Brian Whitaker writes:
Last December, Tunisians rose up against their dictator, triggering a political earthquake that has sent shockwaves through most of the Middle East and north Africa. Now, Tunisia is leading the way once again – this time on the vexed issue of gender equality.
It has become the first country in the region to withdraw all its specific reservations regarding Cedaw – the international convention on the elimination of all forms of discrimination against women.
This may sound a rather obscure and technical matter but it’s actually a very important step. It reverses a long-standing abuse of human rights treaties – especially in the Middle East – where repressive regimes sign up to these treaties for purposes of international respectability but then excuse themselves from some or all of their obligations.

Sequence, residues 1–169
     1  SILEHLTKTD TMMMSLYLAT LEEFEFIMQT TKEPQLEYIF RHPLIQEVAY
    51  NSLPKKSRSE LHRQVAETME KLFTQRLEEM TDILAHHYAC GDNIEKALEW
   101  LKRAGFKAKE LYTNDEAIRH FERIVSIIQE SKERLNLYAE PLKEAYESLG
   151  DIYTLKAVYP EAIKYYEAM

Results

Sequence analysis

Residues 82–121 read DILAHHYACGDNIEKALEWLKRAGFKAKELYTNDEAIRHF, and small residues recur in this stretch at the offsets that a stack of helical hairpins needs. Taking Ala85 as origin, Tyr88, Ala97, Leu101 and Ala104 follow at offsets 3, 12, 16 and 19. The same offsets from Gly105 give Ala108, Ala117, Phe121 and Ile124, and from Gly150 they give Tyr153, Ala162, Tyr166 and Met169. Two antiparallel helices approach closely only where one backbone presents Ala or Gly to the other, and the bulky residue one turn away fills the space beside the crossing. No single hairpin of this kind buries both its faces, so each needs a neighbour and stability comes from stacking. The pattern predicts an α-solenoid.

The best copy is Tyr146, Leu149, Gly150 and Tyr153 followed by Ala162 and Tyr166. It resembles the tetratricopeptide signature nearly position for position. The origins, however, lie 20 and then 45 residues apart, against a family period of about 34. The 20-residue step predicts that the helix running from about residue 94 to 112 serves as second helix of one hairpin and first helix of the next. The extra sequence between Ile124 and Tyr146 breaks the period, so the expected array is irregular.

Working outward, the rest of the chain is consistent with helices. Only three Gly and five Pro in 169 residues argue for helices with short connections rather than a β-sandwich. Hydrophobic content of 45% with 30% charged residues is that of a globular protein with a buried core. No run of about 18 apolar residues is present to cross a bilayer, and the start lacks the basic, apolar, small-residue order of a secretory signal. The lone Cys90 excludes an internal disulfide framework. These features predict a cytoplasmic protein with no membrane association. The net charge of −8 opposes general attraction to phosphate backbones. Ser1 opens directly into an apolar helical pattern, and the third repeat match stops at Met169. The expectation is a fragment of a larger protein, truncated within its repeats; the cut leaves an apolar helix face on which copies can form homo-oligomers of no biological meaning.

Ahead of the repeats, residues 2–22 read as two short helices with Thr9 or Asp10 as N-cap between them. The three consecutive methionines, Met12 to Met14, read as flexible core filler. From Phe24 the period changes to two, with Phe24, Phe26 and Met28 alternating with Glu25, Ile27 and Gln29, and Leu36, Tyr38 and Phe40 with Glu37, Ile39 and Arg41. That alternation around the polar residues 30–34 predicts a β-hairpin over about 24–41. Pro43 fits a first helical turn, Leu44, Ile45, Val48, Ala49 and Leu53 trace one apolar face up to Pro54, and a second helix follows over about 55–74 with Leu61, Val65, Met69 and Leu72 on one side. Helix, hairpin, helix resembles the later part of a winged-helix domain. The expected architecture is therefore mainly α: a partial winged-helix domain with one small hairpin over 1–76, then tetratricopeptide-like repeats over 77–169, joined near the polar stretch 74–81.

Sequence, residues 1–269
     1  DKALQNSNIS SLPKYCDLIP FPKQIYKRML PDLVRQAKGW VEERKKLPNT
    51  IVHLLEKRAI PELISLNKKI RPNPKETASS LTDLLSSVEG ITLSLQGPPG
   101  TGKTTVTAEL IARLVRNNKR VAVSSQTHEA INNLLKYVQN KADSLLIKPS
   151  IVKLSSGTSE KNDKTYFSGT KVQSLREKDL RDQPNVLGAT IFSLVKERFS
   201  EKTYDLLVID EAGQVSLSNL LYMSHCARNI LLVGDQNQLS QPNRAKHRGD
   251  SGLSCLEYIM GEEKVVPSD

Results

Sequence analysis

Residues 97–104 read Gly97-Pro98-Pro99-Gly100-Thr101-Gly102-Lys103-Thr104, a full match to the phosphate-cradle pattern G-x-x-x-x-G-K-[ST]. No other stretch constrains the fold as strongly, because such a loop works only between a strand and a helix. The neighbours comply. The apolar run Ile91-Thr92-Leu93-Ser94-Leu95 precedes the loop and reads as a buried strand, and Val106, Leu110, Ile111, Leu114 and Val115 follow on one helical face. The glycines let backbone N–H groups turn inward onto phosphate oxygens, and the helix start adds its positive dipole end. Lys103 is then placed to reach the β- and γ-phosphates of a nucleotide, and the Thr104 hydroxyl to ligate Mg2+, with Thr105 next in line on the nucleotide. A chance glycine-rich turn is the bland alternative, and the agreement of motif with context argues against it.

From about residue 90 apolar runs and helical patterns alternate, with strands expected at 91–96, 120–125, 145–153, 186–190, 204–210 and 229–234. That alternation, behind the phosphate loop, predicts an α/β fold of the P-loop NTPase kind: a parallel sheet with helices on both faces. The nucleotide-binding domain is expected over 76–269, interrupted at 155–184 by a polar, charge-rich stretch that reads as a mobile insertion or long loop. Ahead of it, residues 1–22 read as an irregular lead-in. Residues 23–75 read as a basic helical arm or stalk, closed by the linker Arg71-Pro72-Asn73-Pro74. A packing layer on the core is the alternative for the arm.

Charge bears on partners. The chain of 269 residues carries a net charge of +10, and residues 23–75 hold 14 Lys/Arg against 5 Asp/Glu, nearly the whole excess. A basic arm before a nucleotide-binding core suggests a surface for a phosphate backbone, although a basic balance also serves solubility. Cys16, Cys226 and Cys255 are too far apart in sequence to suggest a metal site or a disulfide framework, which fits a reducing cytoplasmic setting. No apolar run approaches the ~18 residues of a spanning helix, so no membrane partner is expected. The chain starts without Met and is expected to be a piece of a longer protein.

Saudi Arabia, for example, operates the world’s most blatant and institutionalised system of discrimination against women – and yet, along with 17 other Arab states, it is also a party to Cedaw. It attempts to reconcile this position through reservations saying it does not consider itself bound by any part of the treaty which conflicts “with the norms of Islamic law”.
In effect, the Saudi government claims the right to ignore any part of Cedaw it doesn’t like. The “norms of Islamic law” is a meaningless phrase because the Sharia has never been formally codified. There are various methods of interpreting it and scholars often disagree in their interpretations. The “norms of Islamic law” thus means whatever the Saudis choose it to mean.